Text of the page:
More than 450 people have supported this newspaper’s Trust Democracy campaign which urges Shetland Charitable Trust to reconsider its plans to reduce the number of councillor trustees from seven to four.
A total of 367 people signed their names to the cut-out coupons in The Shetland Times, while an additional 85 supported the campaign online – giving a total of 452.
Meanwhile, the charity regulator said it had received 29 representations directly ahead of Thursday’s consultation deadline.
Oscr says it will only approve the trust’s controversial reorganisation if it meets the necessary legal criteria.
Vice-chairman of Shetland Charitable Trust, Jonathan Wills, is steadfast against proposals to cut the number of councillor-trustees. He said the final tally of campaign supporters far outweighs the response to a previous 2012 consultation, which only yielded reactions from 68 people.
But he had harsh words for trust chairman Bobby Hunter, and accused him of failing to maintain impartiality over the debate.
“I’m very grateful to everyone who wrote in – whatever their opinion, it’s good they’ve expressed it,” said Dr Wills.
“I’m now hopeful that Oscr will realise this is a matter of considerable public concern.
“It’s something like seven times the responses there was in 2012, when Oscr consulted on a change from council majority to council minority.
“Shetland Islands Council and the Association of Community Councils have all expressed an opinion that the trust should have at least a majority of elected members.”
He added: “I would like to say, it is deplorable that the Lord Lieutenant [Mr Hunter], the Queen’s representative – an unelected member of the trust – who promised me he would remain impartial, did not remain impartial, bringing the monarchy into politics.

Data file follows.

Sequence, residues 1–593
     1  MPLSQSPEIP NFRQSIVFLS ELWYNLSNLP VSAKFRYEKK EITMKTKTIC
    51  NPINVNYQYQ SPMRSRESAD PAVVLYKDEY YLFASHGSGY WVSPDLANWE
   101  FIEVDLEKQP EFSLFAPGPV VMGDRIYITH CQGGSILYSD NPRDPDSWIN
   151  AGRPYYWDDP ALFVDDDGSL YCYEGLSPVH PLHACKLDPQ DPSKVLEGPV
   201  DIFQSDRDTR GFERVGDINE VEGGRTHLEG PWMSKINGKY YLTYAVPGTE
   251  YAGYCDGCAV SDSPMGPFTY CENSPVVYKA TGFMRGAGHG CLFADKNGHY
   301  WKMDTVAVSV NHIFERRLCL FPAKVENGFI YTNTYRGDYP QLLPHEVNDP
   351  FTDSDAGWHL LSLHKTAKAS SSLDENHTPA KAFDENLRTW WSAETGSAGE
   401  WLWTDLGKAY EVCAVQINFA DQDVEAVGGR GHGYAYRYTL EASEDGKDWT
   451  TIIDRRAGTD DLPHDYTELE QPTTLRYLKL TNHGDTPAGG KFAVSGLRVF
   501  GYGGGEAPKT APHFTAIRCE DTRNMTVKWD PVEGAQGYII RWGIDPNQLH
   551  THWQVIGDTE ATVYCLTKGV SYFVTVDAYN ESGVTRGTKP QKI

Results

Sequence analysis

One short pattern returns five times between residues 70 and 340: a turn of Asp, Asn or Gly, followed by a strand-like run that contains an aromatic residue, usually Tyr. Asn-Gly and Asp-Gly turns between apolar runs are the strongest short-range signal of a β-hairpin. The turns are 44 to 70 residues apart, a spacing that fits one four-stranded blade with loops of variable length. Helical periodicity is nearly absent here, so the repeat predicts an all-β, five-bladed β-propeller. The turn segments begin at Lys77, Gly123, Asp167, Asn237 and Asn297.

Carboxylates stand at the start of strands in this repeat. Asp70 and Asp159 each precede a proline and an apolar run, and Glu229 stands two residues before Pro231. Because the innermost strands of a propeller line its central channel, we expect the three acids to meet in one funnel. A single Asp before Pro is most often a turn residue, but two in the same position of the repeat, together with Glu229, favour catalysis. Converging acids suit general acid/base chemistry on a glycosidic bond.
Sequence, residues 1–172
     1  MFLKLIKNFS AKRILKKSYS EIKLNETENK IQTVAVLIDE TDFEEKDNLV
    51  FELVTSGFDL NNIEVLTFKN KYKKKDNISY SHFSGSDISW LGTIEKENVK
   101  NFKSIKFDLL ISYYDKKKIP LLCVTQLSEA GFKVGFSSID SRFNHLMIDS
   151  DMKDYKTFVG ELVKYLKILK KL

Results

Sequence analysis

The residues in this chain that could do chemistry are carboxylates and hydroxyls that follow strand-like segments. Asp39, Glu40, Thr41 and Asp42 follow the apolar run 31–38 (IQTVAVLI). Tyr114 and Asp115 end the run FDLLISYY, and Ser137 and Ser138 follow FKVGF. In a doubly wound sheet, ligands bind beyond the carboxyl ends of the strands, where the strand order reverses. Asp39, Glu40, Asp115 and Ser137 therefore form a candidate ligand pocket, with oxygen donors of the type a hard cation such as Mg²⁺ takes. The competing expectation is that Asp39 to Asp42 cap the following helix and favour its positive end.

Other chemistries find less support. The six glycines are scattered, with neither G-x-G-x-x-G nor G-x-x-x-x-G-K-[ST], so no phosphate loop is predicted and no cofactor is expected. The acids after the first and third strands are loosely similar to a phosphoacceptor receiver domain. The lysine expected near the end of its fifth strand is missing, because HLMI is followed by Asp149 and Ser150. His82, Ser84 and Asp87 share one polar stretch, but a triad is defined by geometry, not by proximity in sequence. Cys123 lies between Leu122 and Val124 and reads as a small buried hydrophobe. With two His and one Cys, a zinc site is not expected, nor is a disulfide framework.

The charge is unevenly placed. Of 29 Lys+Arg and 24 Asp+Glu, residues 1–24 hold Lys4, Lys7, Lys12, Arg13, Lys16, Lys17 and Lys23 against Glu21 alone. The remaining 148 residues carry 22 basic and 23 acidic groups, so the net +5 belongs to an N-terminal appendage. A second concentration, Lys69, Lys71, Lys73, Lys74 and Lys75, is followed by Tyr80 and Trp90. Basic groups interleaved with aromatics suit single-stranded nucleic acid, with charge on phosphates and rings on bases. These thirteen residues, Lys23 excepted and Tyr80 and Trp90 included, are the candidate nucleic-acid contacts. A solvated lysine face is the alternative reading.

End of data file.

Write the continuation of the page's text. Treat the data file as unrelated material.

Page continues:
“Over a year ago he told me he would remain neutral in the discussion over whether or not to have a majority of elected trustees.
“He did not remain neutral, on the contrary, he became partisan for that policy of having an undemocratic trust.”
Mr Hunter said he “completely refuted” Dr Wills’ claims that he had acted without impartiality.
“The decision the trust made on this was a majority decision, with only two dissenters. I didn’t express my opinion until such time as the vote came. It’s quite erroneous to say I was biased in any way in chairing it.”
Mr Hunter said he was pleased people had engaged in the campaign.
“I’m delighted that folk are interested in the trust, and everyone has their right to express an opinion, and I’m delighted they have expressed their opinion.”
He added: “It’s not a huge proportion of the electorate, that’s for sure. But everybody is entitled to their opinion.”
Oscr’s head of casework, Martin Tyson said it was too early to comment on the content of the representations.
“When we publish our final decision on the application, that will include a description of the number and kind of representations we’ve had, whether for or against the scheme.
“The closing date for representations is 23rd February 2017, and we’ll only consider the representations we’ve had by that date.”
The charitable trust would be shown “any representations made and give their responses if they wish to”.
Mr Tyson added: “We’ll then look at both the responses and Shetland Charitable Trust’s views, as one part of the process of assessing the reorganisation scheme itself.
“Representations inform the process but they don’t determine the outcome.
“The decision we make is bound by a fairly detailed set of legal criteria, which were set out in the summary published back in January.
“If the representations people send are relevant to whether or not the reorganisation meets those criteria, we can take them into account. If they aren’t, we can’t.
“There are two possible decisions we can make. If we think Shetland Charitable Trust’s reorganisation scheme meets the criteria the law requires then we can approve it, and it would then be up to Shetland Charitable Trust to put the reorganisation into effect. If we feel it does not meet the criteria then we will refuse it.”